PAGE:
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A cervical biopsy is a surgical procedure in which a small amount of tissue is removed from the cervix. The cervix is the lower, narrow end of the uterus located at the end of the vagina.
A cervical biopsy is usually done after an abnormality has been found during a routine pelvic exam or Pap smear. Abnormalities can include the presence of the human papillomavirus (HPV), or cells that are precancerous. Certain types of HPV can put you at risk for developing cervical cancer.
A cervical biopsy can find precancerous cells and cervical cancer. Your doctor or gynecologist may also perform a cervical biopsy to diagnose or treat certain conditions, including genital warts or polyps (noncancerous growths) on the cervix.
Three different methods are used to remove tissue from your cervix:
The type of procedure used will depend on the reason for your biopsy and your medical history.
Schedule your cervical biopsy for the week after your period. This will make it easier for your doctor to get a clean sample. You should also make sure to discuss any medication you take with your doctor.
You may be asked to stop taking medications that could increase your risk of bleeding, such as:
Avoid using tampons, douches, or medicated vaginal creams for at least 24 hours before your biopsy. You should also avoid having sexual intercourse during this time.
If you’re undergoing a cone biopsy or another type of cervical biopsy that requires a general anesthetic, you’ll need to stop eating at least eight hours before the procedure.
On the day of your appointment, your doctor might suggest you take acetaminophen (such as Tylenol) or another pain reliever before you come to their office. You may experience some light bleeding after the procedure, so you should pack some feminine pads. It’s also a good idea to bring a family member or friend along so they can to drive you home, especially if you’re given general anesthesia. General anesthesia may make you drowsy after the procedure, so you shouldn’t drive until the effects have worn off.
The appointment will begin as a normal pelvic exam. You’ll lie down on an exam table with your feet in stirrups. Then your doctor will give you a local anesthetic to numb the area. If you’re undergoing a cone biopsy, you’ll be given a general anesthetic that will put you to sleep.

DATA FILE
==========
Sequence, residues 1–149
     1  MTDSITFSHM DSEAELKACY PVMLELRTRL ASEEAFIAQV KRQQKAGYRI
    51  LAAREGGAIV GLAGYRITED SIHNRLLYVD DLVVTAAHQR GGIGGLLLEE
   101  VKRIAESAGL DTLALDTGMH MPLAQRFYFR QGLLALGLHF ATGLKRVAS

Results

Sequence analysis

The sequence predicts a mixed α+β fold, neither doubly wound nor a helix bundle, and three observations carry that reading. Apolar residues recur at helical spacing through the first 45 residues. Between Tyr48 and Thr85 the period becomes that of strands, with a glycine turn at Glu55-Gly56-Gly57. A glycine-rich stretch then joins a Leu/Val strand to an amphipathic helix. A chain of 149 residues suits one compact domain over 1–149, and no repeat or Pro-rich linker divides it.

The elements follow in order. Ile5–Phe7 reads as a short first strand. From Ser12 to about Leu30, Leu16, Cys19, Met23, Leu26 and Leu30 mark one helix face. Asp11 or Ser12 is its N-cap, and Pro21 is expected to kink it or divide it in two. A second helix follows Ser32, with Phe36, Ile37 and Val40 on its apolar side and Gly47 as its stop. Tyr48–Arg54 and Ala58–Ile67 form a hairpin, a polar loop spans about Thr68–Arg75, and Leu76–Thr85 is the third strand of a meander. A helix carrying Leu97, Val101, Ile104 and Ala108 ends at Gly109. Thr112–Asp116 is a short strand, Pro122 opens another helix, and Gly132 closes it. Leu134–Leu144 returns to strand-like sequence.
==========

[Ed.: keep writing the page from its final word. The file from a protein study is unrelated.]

Your doctor will then insert a speculum (a medical instrument) into the vagina to keep the canal open during the procedure. The cervix is first washed with a solution of vinegar and water. This cleansing process may burn a bit, but it shouldn’t be painful. The cervix may also be swabbed with iodine. This is called Schiller’s test, and it’s used to help your doctor identify any abnormal tissues.
The doctor will remove the abnormal tissues with forceps, a scalpel, or a curette. You might feel a slight pinching sensation if the tissue is removed using forceps.
After the biopsy is finished, your doctor may pack your cervix with absorbent material to reduce the amount of bleeding you experience. Not every biopsy requires this.
Punch biopsies are outpatient procedures, which means you can go home right after the surgery. Other procedures may require you to remain in the hospital overnight.
Expect some mild cramping and spotting as you recover from your cervical biopsy. You may experience cramping and bleeding for as long as a week. Depending on the type of biopsy you’ve undergone, certain activities may be restricted. Heavy lifting, sexual intercourse, and the use of tampons and douches are not allowed for several weeks after a cone biopsy. You may have to follow the same restrictions after a punch biopsy and ECC procedure, but for only one week.
Let your doctor know if you:
These symptoms can be signs of an infection.
Your doctor will contact you about your biopsy results and discuss next steps with you. A negative test means that everything is normal, and further action is usually not required. A positive test means that cancer or precancerous cells have been found and treatment may be needed.
Written by: Erica Roth
Medically reviewed on: Mar 29, 2017: University of Illinois-Chicago, College of Medicine
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